Zhang Han 1511–1593
Ming dynasty China was an active international trading regime, but the government feared that trade could affect its security and the social order. Trade was allowed but strictly regulated. With the rapid growth of the Chinese economy in the latter half of the sixteenth century, the pressure to trade was inducing some intellectuals to argue on behalf of foreign trade. Zhang Han was a successful government official who came from a prominent Hangzhou family whose initial fortune came from fifteenth-century textile production. In the sixteenth century the Zhangs expanded their wealth through trade. Zhang Han wrote various essays about trade after retiring in 1577, addressing foreign trade specifically in one. Zhang argued that the tribute system, which limited types and volumes of goods traded, inhibited the financial advantages that the Chinese could gain from external trade, and he advocated that Chinese and foreigners should be allowed to trade on a much larger scale, and that each side would benefit from doing so. In answer to those who sought to control trade in order to suppress piracy, Zhang argued that freer trade would bring piracy to an end at no cost to the state because merchants only turned to piracy because their opportunities for trade were limited by the state. Although Zhang did not formally present these ideas to the government, his views were shared by a increasing number of intellectuals from coastal China who periodically persuaded officials to ease trade restrictions to benefit the economic well-being of those living in coastal regions and, they argued, for the political security of the country.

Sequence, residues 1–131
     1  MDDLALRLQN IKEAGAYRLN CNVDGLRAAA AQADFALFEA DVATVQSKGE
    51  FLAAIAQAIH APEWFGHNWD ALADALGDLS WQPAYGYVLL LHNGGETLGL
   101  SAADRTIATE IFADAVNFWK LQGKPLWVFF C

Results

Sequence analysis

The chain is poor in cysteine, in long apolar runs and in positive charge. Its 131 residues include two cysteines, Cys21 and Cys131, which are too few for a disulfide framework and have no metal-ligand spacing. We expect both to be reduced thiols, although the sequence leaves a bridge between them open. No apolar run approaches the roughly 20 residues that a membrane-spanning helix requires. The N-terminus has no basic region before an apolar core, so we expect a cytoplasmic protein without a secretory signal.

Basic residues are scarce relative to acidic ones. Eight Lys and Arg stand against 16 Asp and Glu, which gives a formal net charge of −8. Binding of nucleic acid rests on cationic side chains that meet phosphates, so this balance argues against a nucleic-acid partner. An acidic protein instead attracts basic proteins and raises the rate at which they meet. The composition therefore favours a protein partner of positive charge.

SEE ALSO China; Empire, Ming; Free Trade, Theory and Practice; Gold and Silver;Theories of International Trade.
Brook, Timothy. "The Merchant Network in Sixteenth-Century China: A Discussion and Translation of Zhang Han's 'On Merchants.'" Journal of the Economic and Social History of the Orient 24, no. 2 (May 1981): 165–241.
R. Bin Wong